Foaming at the pip hole???

Discussion in 'Incubating & Hatching Eggs' started by PsycoPeep, Sep 27, 2013.

  1. PsycoPeep

    PsycoPeep Chillin' With My Peeps

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    May 5, 2013
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    I just came home from work and peeked in the incubator. One of the eggs had a pip hole and it looked really wierd, so I grabbed it and closed it again right away and took a look at it. There were a bunch of foam bubbles coming out of it! I've heard people say that they've had babies drown before, (which I don't undertand that, but whatever), so I got real worried and grabbed a toothpick and flaked a little chip away and there ws more foam. It's tiny beak was right there at the hole, so I kinda nudged it a little w/the toothpick and it wouldn't chirp or move so I figured it was dead. I flaked off a few more little bits and still more foam. And I also saw that it's gizzard was very bloated & blown up like a balloon. What happened??? Did it drown then? What would be the cause of that? Too high of humidity? People always tell me to crank it up at the end and that too low is worse than too high, and I've also heard if you don't keep it high they can get shrink wrapped. (don't know what THAT means, either), so I've been keeping it about 70% for the last few days. Is that too high? I was told 50-60% in the begining and the last few days keep it at 70. But - then again - no matter who you talk to, you'll get a different answer. It just makes it complicated when a newbie is trying to learn b/c you don't know if you should do it his way or do it her way and then you do it one way and somethign bad goes wrong. sigh. Poor little guy...! :( Also, does that mean the rest of my eggs in there are now bad? Should I put a small hole in them so they can start to air out a bit? I had one hatch out this morning perfectly normal. It's running around the brooder w/my 1 week olds. What about my Button Quail eggs that are in there? Their not due until Sunday/Monday. Is it too high for them now and they'll be bad, too?
     
    Last edited: Sep 27, 2013
  2. NovaAman

    NovaAman Overrun With Chickens

    I have never seen that, but I am thinking it was more like something wrong with the chick and the egg. H your humidity at 70% is fine. Don't opennthe bator until the hatch is done now..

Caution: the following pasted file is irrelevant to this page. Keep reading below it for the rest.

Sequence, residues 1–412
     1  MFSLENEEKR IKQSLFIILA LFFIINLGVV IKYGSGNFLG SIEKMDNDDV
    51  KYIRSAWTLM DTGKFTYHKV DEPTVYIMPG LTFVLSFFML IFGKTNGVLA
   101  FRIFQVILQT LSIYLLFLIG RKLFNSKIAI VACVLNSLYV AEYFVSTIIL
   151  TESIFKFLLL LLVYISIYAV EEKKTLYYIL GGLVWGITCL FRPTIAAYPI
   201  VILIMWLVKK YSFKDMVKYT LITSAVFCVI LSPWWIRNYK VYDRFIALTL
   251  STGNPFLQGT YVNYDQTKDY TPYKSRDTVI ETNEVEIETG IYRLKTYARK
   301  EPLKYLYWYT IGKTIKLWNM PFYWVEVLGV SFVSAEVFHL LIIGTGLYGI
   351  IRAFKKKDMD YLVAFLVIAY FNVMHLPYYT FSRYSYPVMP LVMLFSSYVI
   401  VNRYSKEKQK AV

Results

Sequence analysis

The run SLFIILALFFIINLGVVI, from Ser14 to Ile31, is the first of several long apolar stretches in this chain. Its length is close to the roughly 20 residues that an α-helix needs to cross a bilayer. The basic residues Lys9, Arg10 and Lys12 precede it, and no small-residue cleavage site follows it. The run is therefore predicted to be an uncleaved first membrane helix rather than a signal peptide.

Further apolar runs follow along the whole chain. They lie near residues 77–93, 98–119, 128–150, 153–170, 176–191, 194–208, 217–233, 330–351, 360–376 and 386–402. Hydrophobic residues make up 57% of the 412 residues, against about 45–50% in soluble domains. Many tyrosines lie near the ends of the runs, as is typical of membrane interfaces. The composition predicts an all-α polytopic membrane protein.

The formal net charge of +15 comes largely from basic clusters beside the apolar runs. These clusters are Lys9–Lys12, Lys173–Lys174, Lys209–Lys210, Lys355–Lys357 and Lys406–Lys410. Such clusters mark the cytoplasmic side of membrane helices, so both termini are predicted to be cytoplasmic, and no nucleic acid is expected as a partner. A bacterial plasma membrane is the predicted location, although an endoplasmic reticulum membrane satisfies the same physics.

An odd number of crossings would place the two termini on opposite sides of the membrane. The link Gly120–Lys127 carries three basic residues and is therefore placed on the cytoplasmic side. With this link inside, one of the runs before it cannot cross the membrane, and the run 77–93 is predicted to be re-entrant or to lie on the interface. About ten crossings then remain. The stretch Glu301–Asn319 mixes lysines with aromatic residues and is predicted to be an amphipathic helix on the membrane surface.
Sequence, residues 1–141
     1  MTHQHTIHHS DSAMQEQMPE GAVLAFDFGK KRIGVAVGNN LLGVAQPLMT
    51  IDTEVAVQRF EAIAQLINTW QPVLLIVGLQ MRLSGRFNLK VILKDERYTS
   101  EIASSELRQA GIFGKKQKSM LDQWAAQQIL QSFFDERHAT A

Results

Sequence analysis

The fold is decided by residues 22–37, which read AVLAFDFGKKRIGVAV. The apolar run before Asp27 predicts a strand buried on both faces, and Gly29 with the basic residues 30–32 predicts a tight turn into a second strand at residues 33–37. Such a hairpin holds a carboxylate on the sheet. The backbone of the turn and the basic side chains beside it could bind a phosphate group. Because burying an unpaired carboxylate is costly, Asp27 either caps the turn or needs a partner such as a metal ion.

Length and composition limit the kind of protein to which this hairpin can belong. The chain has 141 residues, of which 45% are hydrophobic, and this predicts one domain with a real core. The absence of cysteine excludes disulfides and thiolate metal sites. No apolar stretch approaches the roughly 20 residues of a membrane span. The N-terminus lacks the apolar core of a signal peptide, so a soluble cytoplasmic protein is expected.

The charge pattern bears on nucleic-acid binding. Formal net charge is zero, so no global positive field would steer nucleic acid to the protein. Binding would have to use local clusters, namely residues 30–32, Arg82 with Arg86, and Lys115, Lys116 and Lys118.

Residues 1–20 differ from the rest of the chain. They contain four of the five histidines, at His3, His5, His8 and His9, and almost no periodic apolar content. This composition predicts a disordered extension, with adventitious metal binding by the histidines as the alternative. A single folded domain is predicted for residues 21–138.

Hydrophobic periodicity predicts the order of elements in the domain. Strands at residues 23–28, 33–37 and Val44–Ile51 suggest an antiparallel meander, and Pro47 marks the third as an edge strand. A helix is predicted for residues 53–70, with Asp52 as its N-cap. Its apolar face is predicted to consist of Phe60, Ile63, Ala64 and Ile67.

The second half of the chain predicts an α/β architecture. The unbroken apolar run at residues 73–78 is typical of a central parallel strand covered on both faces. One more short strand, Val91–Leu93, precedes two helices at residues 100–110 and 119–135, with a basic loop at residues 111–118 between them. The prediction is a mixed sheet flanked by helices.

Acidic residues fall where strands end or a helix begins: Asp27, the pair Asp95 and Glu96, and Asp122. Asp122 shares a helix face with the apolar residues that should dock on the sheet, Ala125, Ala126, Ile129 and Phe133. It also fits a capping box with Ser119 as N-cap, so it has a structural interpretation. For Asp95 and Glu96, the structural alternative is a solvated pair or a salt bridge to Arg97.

3. birdymama

    birdymama Chillin' With My Peeps

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    Bacteria got into the egg somehow and the egg went off from the sounds of it. The chick would have died. The bubbling gas would have made the pip in my experience.
     
  4. cochins1088

    cochins1088 Chillin' With My Peeps

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    Southern Minnesota
    I've seen foaming at the mouth 3 times before. Twice with chicks and once with a gosling. In all 3 cases, it was because of ruptured yolk sacs. Thankfully I was able to save the gosling and one of the chicks, however, I did lose the other chick to bacterial infection.

    When they rupture their yolk sacs, the liquid slowly leaks out and gets into their mouths. If they've already internally pipped, than they are breathing which causes transparent - yellow tinted foam.


    For future reference, this is how I treat it.

    If you come across a ruptured yolk sac, it's a very tricky situation. Should you intervene immediately? or wait? If you feel confident working on the egg without damaging active blood vessel, than you should intervene immediately. Carefully work your way down until you can get to the chick's navel. Once you find it, use a piece of thread that has been dipped in iodine to tie off the blood vessels and remainder of the yolk. Get as close to the chicks naval as possible. Once the thread is tight, use a pair of scissors to cut off the remainder of the yolk sac so that the chick is free from the membrane. Than add additional iodine directly to the chick's navel to prevent infection.

    Once the chick is dry, offer it water with vitamins and electrolytes. You could even offer some scrambled eggs. This needs to be done as soon as possible because the chick was unable to absorb the necessary nutrients from it's yolk.

    If you do not feel comfortable working around the active blood vessels, than wait. But understand that the longer you wait, the higher the possibility of bacterial infection.

    Here's some pictures from when I saved my gosling. She's still around today.


    Here's her inside the egg an hour before she ruptured her yolk sac. The top of the shell was removed because I was forced to create an artificial internal pip.

    [​IMG]

    I don't have any pictures of the procedure, but here is what her navel looked like right after I cut her from the yolk sac and membrane.

    [​IMG]

    Here she is resting.

    [​IMG]

    and this is what she looked like by morning.

    [​IMG]
     
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  5. cochins1088

    cochins1088 Chillin' With My Peeps

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    Jul 17, 2012
    Southern Minnesota
    It seems that you're also questioning your humidity.

    You will get different advice from different people because optimal humidity levels are different for nearly everyone. Have you ever tried weighing your eggs to keep track of weight loss? It's the most accurate way to judge whether or not your humidity levels are correct. Eggs need to lose 14% - 17% of their original weight by external pip in order to hatch properly.

    Humidity during the hatch should be around 60% and you don't need to up the humidity until you see internal pips.

    I've found that optimal humidity varies with the eggs and the seasons. For me, shipped eggs require slightly higher humidity as do eggs that hatch during the winter.
     
    Last edited: Sep 28, 2013

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